Malcolm X was a gifted speaker and the NOI wisely used him as their spokesman. Articulate and intelligent he quickly rose to the top of the organization and new recruits from Malcolm X 's speeches increased the growth of the NOI from 500 members to over 30,000 followers. A media magnet, Malcolm X was followed everywhere and soon the FBI was watching his every move.
Malcolm's faith was dealt a crushing blow at the height of the civil rights movement in 1963. He learned that his mentor and leader, Elijah Muhammad, was secretly having relations with as many as six women within the Nation of Islam organization. As if that were not enough, Malcolm found out that some of these relationships had resulted in children. Malcolm had strictly adhered to the teachings of Muhammad, which included remaining celibate until his marriage to Betty Shabazz in 1958. Malcolm refused Muhammad's request to help cover up the affairs and subsequent children. Deeply hurt by the deception of Muhammad, whom he had considered a living prophet, Malcolm also felt guilty about the masses he had led to join the NOI, which he now felt was a fraudulent organization built on too many lies to ignore.
On December 1, 1963, Malcolm X stated that he saw President John F. Kennedy's assassination as a case of "The chickens coming home to roost." Soon afterward Elijah Muhammad suspended him and ordered him not to speak for the movement for 90 days. On March 8, 1964, Malcolm X publicly announced that he was leaving the Nation of Islam and starting two new organizations: the Muslim Mosque, Inc., and the Organization of Afro-American Unity. Despite his break from the NOI, Malcolm X remained a believer in the Islamic religion.
On March 26, 1964, Malcolm X met Martin Luther King, Jr. in Washington, D.C., after a press conference which followed both men attending the Senate debate on the Civil Rights bill. This was the only time the two men ever met and their meeting lasted only one minute, just long enough for photographers to take a picture.
Searching for spiritual answers Malcolm X decided on a pilgrimage to Mecca. On April 19,1964 Malcolm X completed the Hajj, making the seven circuits around the Kaaba, drinking from the Zamzam Well, and running between the hills of Safah and Marwah seven times. After completing the Hajj, he was granted an audience with Prince Faisal. Malcolm X said the trip allowed him to see Muslims of different races interacting as equals. He came to believe that Islam could be the means by which racial problems could be overcome.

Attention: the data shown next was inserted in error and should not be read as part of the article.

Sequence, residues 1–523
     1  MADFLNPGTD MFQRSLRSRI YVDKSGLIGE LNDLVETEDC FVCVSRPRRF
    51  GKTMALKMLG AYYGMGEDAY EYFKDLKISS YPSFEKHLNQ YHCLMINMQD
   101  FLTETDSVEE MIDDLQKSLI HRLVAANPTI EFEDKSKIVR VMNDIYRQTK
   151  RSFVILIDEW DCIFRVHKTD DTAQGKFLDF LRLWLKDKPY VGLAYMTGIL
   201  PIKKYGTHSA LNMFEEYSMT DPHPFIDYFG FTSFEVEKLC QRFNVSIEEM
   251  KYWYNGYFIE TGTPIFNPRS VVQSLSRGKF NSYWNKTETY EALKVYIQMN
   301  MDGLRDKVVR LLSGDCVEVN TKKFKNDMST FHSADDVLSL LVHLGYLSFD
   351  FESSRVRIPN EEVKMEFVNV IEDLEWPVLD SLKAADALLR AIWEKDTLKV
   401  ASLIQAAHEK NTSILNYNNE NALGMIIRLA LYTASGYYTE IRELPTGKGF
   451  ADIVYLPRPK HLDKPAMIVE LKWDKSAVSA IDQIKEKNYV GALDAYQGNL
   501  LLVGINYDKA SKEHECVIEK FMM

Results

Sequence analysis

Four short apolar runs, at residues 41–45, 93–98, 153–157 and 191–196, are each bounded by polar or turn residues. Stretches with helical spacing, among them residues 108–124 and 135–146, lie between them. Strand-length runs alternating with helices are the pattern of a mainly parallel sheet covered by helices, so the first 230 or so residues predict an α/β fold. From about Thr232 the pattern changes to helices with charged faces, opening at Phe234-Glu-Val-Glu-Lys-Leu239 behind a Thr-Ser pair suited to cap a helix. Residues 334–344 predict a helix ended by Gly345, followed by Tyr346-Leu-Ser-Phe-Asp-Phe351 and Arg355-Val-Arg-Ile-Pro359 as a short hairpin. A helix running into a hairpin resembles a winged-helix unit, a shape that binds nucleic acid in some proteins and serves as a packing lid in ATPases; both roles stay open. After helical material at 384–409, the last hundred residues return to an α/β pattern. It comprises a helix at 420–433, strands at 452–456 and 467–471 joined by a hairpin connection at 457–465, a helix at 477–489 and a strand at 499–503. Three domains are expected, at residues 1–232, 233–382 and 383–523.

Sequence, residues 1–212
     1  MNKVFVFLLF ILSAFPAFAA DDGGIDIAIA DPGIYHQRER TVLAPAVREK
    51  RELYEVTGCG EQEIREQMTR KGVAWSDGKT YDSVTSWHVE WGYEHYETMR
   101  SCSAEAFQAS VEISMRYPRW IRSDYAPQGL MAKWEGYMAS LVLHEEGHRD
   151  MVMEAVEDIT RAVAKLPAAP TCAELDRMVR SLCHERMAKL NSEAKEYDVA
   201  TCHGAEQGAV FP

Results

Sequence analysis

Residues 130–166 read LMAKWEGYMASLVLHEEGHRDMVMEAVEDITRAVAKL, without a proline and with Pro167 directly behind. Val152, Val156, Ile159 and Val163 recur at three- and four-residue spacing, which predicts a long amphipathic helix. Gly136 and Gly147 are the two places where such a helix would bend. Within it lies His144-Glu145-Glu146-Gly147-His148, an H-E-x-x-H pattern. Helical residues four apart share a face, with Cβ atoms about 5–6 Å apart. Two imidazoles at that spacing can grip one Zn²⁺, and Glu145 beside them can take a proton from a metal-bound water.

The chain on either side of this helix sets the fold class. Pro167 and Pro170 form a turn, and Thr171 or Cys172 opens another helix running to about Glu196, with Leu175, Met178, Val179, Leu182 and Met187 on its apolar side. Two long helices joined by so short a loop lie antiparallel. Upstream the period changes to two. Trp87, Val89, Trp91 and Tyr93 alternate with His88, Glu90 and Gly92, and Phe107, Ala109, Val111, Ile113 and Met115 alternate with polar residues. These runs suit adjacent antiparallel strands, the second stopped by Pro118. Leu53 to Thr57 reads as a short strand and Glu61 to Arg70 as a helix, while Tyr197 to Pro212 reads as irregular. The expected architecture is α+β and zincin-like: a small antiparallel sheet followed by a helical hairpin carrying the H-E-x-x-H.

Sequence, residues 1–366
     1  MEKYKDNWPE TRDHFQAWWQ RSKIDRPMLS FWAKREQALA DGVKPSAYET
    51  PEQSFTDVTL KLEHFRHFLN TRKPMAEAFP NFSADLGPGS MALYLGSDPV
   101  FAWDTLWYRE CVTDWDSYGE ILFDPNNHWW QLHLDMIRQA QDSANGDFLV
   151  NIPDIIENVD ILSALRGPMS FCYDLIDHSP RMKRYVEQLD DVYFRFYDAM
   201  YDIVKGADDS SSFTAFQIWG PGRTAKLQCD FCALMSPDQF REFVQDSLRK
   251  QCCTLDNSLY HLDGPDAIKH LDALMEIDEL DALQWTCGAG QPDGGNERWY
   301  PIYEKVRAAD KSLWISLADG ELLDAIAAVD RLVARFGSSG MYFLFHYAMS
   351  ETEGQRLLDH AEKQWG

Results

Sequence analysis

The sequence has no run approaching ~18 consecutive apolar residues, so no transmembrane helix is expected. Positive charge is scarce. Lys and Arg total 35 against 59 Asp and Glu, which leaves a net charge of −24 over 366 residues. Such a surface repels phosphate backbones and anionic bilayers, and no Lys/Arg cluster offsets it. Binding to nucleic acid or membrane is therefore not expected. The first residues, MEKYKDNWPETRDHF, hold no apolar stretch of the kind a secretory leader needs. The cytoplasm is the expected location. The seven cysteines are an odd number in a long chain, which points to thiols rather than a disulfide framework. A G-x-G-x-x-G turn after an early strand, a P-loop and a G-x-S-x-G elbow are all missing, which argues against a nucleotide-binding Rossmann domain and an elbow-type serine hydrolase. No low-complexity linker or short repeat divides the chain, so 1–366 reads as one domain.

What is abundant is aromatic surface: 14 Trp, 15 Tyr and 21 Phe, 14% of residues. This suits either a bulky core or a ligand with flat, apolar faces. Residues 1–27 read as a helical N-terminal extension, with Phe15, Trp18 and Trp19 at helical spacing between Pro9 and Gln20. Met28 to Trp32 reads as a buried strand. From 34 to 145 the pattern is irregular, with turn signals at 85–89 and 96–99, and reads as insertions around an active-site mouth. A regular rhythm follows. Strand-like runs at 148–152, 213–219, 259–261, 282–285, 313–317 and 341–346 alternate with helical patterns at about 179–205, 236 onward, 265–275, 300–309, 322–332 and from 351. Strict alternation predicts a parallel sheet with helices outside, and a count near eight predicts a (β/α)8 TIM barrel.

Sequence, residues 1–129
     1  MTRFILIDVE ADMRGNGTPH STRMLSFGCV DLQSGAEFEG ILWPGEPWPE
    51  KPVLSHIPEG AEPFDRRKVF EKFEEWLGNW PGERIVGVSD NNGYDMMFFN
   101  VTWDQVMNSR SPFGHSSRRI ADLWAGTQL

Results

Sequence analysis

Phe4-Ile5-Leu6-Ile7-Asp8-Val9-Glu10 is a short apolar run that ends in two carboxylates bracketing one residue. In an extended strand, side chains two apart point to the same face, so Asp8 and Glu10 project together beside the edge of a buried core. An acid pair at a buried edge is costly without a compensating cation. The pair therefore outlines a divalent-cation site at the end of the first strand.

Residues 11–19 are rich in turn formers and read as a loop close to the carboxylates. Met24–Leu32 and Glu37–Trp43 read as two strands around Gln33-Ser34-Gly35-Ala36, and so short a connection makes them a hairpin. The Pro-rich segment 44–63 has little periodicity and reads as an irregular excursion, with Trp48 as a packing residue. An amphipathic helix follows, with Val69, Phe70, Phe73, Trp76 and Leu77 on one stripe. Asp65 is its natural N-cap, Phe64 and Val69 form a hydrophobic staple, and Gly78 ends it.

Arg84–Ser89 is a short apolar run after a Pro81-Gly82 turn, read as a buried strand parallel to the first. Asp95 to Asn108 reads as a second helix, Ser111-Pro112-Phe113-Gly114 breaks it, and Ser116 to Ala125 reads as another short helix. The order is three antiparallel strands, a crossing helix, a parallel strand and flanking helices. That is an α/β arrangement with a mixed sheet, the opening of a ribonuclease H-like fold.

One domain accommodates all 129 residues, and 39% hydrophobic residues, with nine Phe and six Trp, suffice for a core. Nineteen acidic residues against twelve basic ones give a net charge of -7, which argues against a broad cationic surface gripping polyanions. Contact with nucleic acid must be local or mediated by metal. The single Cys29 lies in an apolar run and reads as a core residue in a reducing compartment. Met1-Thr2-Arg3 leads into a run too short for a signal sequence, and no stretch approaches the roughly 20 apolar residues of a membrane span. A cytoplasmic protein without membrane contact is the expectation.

Malcolm X continued his travels, visiting Africa a total of three times and stopping in both the United Kingdom and France to give speeches on his beliefs. While in Africa for his third visit in July of 1964, Malcolm X was welcomed to the second meeting of the Organization of African Unity in Cairo. By the time he returned to the United States on November 24th, Malcolm had met with every prominent African leader and established an international connection between Africans on the continent and those in the Diaspora.
On February 21, 1965, in Manhattan's Audubon Ballroom, Malcolm X began to speak to a meeting of the Organization of Afro-American Unity when a disturbance broke out in the crowd. A man yelled, "Nigger! Get your hand outta my pocket!" As Malcolm X and his bodyguards moved to quiet the disturbance, a man rushed forward and shot him in the chest with a sawed-off shotgun. Two other men charged the stage and fired handguns, hitting him 16 times. Furious onlookers caught and beat one of the assassins as the others fled the ballroom. Malcolm X was pronounced dead at 3:30 p.m., shortly after he arrived at Columbia Presbyterian Hospital.
The legacy of Malcolm X has moved through generations as the subject of numerous documentaries, books and movies. A tremendous resurgence of interest occurred in 1992 when director Spike Lee released the acclaimed movie, Malcolm X. Denzel Washington, who portrayed Malcolm X in the movie received an Oscar nomination for the role.